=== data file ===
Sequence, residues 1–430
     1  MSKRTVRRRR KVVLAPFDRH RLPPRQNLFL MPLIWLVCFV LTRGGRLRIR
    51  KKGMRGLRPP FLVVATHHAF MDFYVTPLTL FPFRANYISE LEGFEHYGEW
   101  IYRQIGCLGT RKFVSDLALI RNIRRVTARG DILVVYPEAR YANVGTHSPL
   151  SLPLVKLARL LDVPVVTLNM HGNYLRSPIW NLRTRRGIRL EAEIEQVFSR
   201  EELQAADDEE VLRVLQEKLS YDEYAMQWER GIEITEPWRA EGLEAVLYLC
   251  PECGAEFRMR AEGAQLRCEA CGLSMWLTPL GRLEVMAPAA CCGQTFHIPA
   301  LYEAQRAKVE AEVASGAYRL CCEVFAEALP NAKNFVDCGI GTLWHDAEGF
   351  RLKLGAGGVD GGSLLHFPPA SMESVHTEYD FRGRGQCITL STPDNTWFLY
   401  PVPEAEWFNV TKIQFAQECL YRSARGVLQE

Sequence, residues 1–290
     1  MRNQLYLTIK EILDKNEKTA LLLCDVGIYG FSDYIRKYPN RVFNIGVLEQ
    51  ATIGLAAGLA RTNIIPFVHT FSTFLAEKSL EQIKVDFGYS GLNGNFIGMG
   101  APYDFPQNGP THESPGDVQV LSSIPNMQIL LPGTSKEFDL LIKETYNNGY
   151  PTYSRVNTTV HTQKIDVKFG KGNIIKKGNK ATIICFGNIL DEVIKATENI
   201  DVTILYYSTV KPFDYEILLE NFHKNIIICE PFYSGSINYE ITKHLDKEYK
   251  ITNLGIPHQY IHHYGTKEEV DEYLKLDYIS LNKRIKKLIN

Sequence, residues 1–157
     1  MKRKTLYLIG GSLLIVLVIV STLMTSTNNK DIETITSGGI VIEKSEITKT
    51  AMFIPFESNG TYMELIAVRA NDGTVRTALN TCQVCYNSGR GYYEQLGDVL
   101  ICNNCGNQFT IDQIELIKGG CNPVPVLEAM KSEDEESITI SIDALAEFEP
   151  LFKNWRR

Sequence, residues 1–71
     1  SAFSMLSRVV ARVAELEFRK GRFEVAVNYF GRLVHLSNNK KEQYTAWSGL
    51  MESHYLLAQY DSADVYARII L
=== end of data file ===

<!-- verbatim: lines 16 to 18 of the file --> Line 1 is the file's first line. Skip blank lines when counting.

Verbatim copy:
   201  DVTILYYSTV KPFDYEILLE NFHKNIIICE PFYSGSINYE ITKHLDKEYK
   251  ITNLGIPHQY IHHYGTKEEV DEYLKLDYIS LNKRIKKLIN

Sequence, residues 1–157